A gas collection well equipped with a dewatering pump requires regular attention lest a leachate eruption occur, resulting in a foul-smelling health hazard.
The hose bend at this GCCS wellhead is too tight, which led it to crack. The use of duct tape would suffice in an emergency, but it will eventually rot, resulting in loss of vacuum.
Unused sampling ports plugged with silicone or tape can eventually leak, or the plastic tubing can become brittle and snap off, all of which can result in false gas readings.
This flame arrester at a LFG flare fractured due to the lack of a vertical pipe support to relieve the 400 pounds of weight.
This wellhead is too tall for safe access, which can lead to neglect. It should be rebuilt at waist-high level.
Tires originally installed to fend off rolling stock and ponded water ultimately make wellhead access difficult and unsafe, which can lead to neglect.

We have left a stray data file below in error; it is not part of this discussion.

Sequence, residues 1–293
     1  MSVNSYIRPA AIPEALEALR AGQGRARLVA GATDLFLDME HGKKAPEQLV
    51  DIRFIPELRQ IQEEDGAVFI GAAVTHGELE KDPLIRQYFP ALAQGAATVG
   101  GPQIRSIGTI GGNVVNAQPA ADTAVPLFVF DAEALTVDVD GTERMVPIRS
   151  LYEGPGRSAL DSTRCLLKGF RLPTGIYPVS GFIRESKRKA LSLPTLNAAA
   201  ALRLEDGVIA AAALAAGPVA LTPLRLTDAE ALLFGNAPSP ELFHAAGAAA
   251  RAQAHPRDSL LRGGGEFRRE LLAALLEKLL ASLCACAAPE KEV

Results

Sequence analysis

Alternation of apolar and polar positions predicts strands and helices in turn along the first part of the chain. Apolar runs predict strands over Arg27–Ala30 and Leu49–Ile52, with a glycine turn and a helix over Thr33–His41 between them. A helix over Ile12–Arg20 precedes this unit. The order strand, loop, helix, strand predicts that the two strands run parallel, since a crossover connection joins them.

The gas system inlet pipe (left side of photo) at this GCCS sagged over time, which caused the blower impeller to seize, resulting in a costly repair.
This corroded butterfly valve on the inlet pipe to a blower flare station cannot seal and is a hazard to maintenance work on the blower and flare.
This gas condensate pumping station valve vault is flooded, rendering the shut-off valves inoperable.
Rusted bolts make it difficult to access this gas collection wellhead and the outdated butterfly valve makes well tuning difficult.
Gas collection wellheads inside enclosures like this limit access and make it difficult for the technician to gather data. The confined space also presents breathing hazards.
A properly maintained wellhead with slack in the hose to accommodate well settlement, a plastic gate valve for corrosion resistance and fine tuning of gas flow, and all monitoring ports under a protective cap.
Learn from these examples of improperly installed or maintained landfill gas (LFG) collection and control systems (GCCS). (Photos and commentary courtesy of SCS Engineers)
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